|Bolivia history reflects the influence of the richest cultural treasures of the Inca civilization. With more than half of the population still living according to traditional ways, modern Bolivian culture is heavily influenced by the centuries old traditions handed down since the time of the Incan empire.
Tiahunico, Lake Titicaca, and the Island of the Sun are some of the most revered sites in all the Incan Empire. Tiahuanico, although long in ruin when the Inca discovered it, nonetheless achieved great spiritual significance in the life of the Inca. The elaborately carved megalithic figures and impeccable stonework at this site will leave you puzzling at its origins, seeing them for yourself will allow you to understand how these ancient monuments have come to be so revered and continue to draw reverent spectators to this very day.
Although they greatly outnumbered the Spanish conquistadors, the native Incan population stood no chance against the horses, armor, guns, and strange diseases that the Spaniards bought with them to the New World. The Inca were a very trusting and communal society, and bargaining with the Spaniards only resulted in the cruel and brutal murder of the ruler, Sapa Inca and the complete defacing of the most revered temples that even an ordinary Inca was not worthy of entering without days of purification and bare feet.
Bolivian culture, now a mix of Spanish, Quechua, Aymara, is an amalgam of the cultures that have risen and fallen since ancient times. The Indians have a distinct appearance, they are often of a short, stocky build, and many wear brilliant weavings and practice traditional farming methods, eking out a meager existence in the parched highlands of the Altiplano. Bolivians of Spanish, or mestizo (mixed) descent are easily recognized by their fair features and taller stature.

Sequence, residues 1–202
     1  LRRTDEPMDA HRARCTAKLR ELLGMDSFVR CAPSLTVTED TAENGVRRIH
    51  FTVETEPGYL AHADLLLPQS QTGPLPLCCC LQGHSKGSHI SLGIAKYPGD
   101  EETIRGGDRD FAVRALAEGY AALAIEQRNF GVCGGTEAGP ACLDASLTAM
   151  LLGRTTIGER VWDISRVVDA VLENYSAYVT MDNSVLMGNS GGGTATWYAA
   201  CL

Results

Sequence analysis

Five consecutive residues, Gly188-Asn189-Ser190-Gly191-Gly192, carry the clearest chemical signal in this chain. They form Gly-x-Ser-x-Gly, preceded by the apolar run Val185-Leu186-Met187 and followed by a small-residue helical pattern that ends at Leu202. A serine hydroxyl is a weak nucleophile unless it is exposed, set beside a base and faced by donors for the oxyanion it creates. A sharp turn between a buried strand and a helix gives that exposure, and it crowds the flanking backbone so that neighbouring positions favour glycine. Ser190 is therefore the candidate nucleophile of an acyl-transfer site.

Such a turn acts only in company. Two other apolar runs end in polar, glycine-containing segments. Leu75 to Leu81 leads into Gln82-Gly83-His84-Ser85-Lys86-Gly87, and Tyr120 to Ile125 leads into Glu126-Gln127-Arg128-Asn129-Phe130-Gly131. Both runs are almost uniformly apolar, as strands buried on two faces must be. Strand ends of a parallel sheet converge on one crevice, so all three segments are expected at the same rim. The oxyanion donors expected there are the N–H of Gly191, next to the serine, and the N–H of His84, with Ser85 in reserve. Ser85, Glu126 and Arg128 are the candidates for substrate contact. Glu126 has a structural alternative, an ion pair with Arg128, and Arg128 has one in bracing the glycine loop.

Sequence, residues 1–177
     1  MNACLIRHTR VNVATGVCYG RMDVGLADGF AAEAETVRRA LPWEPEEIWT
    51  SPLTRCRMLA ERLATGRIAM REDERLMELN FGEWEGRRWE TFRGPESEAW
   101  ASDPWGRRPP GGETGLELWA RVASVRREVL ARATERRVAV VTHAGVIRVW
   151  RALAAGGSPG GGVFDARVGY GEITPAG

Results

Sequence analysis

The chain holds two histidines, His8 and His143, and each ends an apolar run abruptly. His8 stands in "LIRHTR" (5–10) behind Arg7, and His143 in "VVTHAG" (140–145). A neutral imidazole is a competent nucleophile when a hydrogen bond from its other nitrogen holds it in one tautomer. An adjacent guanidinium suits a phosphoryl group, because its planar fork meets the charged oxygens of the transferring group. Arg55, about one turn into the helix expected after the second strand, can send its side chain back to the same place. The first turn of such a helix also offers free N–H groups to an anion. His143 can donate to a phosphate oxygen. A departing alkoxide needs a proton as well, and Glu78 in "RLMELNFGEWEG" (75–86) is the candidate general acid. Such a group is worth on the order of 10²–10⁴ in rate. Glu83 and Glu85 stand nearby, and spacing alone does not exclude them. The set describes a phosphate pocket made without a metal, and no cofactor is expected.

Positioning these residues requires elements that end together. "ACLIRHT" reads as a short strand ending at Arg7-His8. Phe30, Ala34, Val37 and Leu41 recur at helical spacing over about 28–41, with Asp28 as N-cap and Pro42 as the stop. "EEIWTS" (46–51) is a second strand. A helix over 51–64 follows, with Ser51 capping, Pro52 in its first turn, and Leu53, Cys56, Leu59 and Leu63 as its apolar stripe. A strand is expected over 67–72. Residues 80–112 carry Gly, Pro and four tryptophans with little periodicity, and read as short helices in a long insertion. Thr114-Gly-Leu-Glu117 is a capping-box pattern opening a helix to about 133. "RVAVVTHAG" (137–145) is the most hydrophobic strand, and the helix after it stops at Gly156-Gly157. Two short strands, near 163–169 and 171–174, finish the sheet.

Musical traditions within Bolivia are distinctly regional: strains of Andean music from the desolate Altiplano are suitably haunting and mournful, while those of warmer Tarija, with its compliment of bizarre musical instruments, take on more ebullient tones. Dances such as the cueca, auqui-auqui and tinku hold a reverent place in popular culture. Other forms of folk expression include spinning and weaving, which display regional differences but have changed little over the last 3000 years.
Bolivia's food is dominated by meat dishes, accompanied by rice, potatoes and shredded lettuce. Sometimes llajhua (a hot sauce made from tomatoes and pepper pods) will be used to add spice and flavor to a dish. Bolivian beer, wine and chicha (industrial-strength maize liquor) are all good but be warned: if invited to drink with locals, be prepared as the alcohol is strong and Bolivian drinking habits lusty.
Roman Catholicism is the predominant religion in Bolivia, and is supported by the state, although citizens may practice the religion of their choice.1 Roman Catholic Church officials receive monthly salaries from the government. The government appointed the Catholic church as the organizer of all public religious activities. There are about 400 religious groups in Bolivia. Eighty-five percent of the population practices Roman Catholicism, 11% are Evangelical Christians, and 4% belong to other faiths.2 Protestants are most active religious minority.
Spanish is the official language, yet only 60 to 70% of the people actually speak it, and then often only as a second language. The remainder speak Quechua, the language of the Inca, or Aymará, the pre-Inca language of the Altiplano.
95% of Bolivia's population professes to be Roman Catholic, The hybrid Christian/folk religion is an interesting conglomeration of doctrines, rites and superstitions.